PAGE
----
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Crisis of Capital, Crisis of Theory: A Conference of the Forum on Capital as Power

Is capitalism about to collapse? Like every other mode of power, capitalism rests on confidence in obedience: the confidence of the rulers in the obedience of the ruled. Emperors are sure of their rule over obedient subjects and slaves; lords are certain they can rule their obedient vassals and serfs; and capitalists trust the obedience of their underlying masses. The confidence of rulers is mediated through their dominant dogma: when the dogma holds, the rulers are hubristic, steadfast and ruthless; when the dogma disintegrates, the rulers, gripped by systemic fear, become hesitant and lose their ability to rule.

Systemic fear often culminates in systemic collapse. The downfall of the last Babylonian emperor, Belshazzar, the collapse of Easter Island, the French Revolution against the ancien régime, the fall of Soviet Union and many more such episodes were all preceded by systemic fear: for whatever reason, the rulers lost faith in their dogma and confidence in their subjects' obedience. But their systemic fear remained elusive: we know of it only anecdotally, subjectively, and always retrospectively - after their mode of power lies in ruins.

Modern finance has made systemic fear transparent. For the first time in history, we have an objective, numerical measure of the rulers' confidence in obedience - and this measure is available not in retrospect, but here and now. The indicator in question is forward-looking capitalization: the financial ritual with which capitalists discount to present value their expected future profit. This ritual stands at the heart of the modern capitalist dogma, and it is currently broken: for the past decade, capitalists have been looking not forward to the future, but backward to the past. In other words, capitalists no longer trust their own dogma: they are no longer confident in the obedience of the ruled or in their own ability to rule.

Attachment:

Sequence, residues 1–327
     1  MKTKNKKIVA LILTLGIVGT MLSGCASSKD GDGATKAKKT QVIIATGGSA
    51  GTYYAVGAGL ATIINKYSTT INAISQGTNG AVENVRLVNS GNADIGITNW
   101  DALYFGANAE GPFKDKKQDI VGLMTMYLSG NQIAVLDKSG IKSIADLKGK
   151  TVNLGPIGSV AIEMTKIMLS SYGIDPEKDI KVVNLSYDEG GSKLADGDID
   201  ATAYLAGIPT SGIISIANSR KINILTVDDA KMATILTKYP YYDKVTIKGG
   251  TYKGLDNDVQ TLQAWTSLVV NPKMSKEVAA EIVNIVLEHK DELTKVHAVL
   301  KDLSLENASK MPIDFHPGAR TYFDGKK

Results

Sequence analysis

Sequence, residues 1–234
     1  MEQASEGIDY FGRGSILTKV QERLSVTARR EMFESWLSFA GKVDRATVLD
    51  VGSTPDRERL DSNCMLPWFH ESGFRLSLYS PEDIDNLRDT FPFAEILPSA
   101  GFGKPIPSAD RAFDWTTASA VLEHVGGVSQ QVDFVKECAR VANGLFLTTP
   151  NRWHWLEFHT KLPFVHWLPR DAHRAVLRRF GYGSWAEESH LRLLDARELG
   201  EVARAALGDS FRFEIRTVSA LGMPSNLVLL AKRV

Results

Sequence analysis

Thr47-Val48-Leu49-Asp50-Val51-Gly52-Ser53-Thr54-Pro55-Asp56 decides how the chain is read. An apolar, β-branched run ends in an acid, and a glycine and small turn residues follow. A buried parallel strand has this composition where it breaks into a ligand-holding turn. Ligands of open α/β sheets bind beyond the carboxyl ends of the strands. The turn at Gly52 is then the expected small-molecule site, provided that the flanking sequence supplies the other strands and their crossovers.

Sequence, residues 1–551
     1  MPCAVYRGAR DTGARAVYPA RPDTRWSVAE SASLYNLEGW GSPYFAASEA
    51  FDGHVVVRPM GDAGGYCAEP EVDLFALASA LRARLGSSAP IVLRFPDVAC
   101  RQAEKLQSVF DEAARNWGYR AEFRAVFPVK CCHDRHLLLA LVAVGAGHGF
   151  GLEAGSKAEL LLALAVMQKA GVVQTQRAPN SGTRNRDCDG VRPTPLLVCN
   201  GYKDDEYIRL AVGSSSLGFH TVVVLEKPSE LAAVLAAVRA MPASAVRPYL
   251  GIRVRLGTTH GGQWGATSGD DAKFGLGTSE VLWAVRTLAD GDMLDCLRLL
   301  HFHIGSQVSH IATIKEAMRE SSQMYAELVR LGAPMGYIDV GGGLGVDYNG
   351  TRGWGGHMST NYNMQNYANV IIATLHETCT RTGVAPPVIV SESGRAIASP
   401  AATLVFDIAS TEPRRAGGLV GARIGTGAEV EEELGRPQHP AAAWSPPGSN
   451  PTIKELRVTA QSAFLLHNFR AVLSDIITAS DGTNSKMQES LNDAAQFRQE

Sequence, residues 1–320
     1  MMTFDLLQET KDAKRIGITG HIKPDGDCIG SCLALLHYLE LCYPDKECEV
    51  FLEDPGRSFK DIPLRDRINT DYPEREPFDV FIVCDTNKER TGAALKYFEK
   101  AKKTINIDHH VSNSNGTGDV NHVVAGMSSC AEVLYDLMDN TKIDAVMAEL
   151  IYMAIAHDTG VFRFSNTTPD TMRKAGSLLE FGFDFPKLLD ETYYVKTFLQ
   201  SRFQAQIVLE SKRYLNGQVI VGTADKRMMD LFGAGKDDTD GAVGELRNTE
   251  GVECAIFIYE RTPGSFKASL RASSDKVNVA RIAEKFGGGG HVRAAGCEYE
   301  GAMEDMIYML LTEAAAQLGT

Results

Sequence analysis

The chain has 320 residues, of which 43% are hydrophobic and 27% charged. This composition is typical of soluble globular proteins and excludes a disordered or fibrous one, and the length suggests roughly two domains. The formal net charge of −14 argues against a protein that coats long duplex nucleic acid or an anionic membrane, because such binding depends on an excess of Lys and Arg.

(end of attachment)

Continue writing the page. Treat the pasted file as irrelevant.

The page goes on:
Friday, October 29, 2010, 3:00-5:00 pm || York Lanes, Room 280N || Keele Campus of York University Toronto, Ontario Canada

Original paper, HTML format, PDF

The paper came out this summer and was an update of one from the summer of 2009. His thesis seems increasingly confirmed by events. The financial sector has made such a mess of things that they cannot act in their normal way nor can they find an acceptable, (to them) way to deal with the massive fraudulent debt that they have created. The authors show that this has been the case since 2000.

That businesses act differently during times of crisis and times of prosperity doesn't seem to radical an idea, but it is not a part of Mainstream Economics.

"It is not necessary to have hope in order to persevere."

by ARGeezer (ARGeezer a in a circle eurotrib daught com) on Tue Oct 12th, 2010 at 03:23:14 PM EST
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